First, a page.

Cleaning the bathroom on a February afternoon changed my life.
As I moved containers of toiletries off the counter, I noticed the nail polish remover was out and made a mental note to put it out of reach of the kids. This simple thought led to a spiral of anxiety in which my brain obsessed about all the potentially dangerous items in my house that could be fatal if used improperly. I became terrified of everything.
These intrusive thoughts are common in people struggling with clinical anxiety. In a matter of minutes, I was hyperventilating in the full throes of a panic attack, the latest of dozens of attacks I had endured in the previous days and weeks. Though I had started seeing a therapist, this was the point I realized I wasn’t just a little more nervous than usual. I was experiencing a clinical mood disorder, and I needed professional help.
I am thrilled to say that was one of the last panic attacks I have had in months. A combination of medication and natural approaches is working wonders in keeping my anxiety and depression at bay. I wanted to share what’s helping me in case these tools can help you too. Please check with your doctor before taking any new supplements or herbs.
If you believe you are struggling with clinical anxiety, depression, panic attacks, or other mood disorders, please seek help. You are not weak for needing assistance in navigating your mental health! Admitting I needed help was one of the strongest things I have done.
Mental health is HEALTH, period. You wouldn’t delay seeking medical attention if your limbs or organs suddenly stopped working. You should approach your mental health with the same care and vigilance.
Cutting out the Big 3 (Caffeine, Alcohol, and Sugar)
I know this does not sound fun, but I believe diet is the underlying core in many health conditions. I have cut my coffee consumption to just an occasional treat on the weekend and try to avoid sugar and alcohol other than on special occasions. On the days I do choose to indulge, my sleep suffers, and I am usually more anxious the next day. It has been a sacrifice, but completely worth feeling better.
Taking My Vitamins
I’ve been very blessed to have a team of doctors, both MDs and functional medicine physicians, willing to work together to help me feel my best. In addition to prescription duloxetine, I take a variety of methylated B vitamins, fish oil, magnesium, turmeric, probiotics, and SAM-E to make sure my body is getting the support it needs.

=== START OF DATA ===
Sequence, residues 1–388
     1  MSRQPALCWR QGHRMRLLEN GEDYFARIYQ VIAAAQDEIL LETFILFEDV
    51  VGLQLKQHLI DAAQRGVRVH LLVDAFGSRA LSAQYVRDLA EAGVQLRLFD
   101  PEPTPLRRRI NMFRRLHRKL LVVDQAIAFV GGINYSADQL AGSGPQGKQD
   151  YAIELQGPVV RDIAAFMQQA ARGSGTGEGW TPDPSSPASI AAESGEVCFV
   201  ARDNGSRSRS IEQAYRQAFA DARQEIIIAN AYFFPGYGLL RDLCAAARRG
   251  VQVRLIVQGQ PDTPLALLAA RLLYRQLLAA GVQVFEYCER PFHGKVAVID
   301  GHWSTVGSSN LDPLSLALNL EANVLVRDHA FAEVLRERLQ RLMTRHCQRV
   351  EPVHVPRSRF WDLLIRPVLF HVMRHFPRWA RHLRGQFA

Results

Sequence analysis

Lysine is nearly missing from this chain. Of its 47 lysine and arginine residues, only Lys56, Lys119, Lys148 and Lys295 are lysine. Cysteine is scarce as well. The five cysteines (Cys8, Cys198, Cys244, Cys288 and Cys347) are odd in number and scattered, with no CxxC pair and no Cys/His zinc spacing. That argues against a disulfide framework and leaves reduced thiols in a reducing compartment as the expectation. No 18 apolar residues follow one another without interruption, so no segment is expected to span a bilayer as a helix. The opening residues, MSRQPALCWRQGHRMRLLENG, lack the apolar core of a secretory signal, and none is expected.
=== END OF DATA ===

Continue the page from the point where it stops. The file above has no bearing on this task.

It seems my depression and anxiety have some correlation to Seasonal Affective Disorder. As the weather improves here in Southeast Michigan, so does my mood. I try to spend a few hours outside on sunny days and sit under a sun lamp for at least 30 minutes in the morning on gray days.
When I first started to suspect I was experiencing anxiety, my functional medicine doctor told me to do as many squats as I could each day. I thought it sounded a little whacky, but I tried it. Regular exercise boosts feel-good endorphins and is responsible for the aptly named “runner’s high.” Now that marathon training is beginning, I am working on running a few times a week and cross training with Pilates and yoga. I notice I am significantly calmer and happier after exercising.
One of the best decisions I made after I started to come out of the panic attacks and depression was to say no to any new commitment for the next year that I didn’t have to take on. Saying no has allowed for more rest, baths, quiet reading time, and time to play.
On top of saying no to commitments, I am also saying no to guilt about saying no. I am a recovering people pleaser. That means I often say yes to things I should not take on, leading to an overwhelmed mind and packed schedule. The best way I have found to eliminate that guilt is to practice saying no often about both big and little things. It may look like not taking on another responsibility at church, canceling a play date when we have a busy week, and I am tired or making my kids make their lunch.
These five things on their own are useful to lessen stress and anxiety, but it’s in combination with each other and quality medical care that I see a big difference.
I may not always need medication, but anxiety will always be a part of my life now, whether a daily struggle or in memory. By incorporating these five tips in my life, I am a happier, healthier person. And I plan to stay that way.
What are your tips for fighting stress and anxiety? I’d love to hear from you in the comments.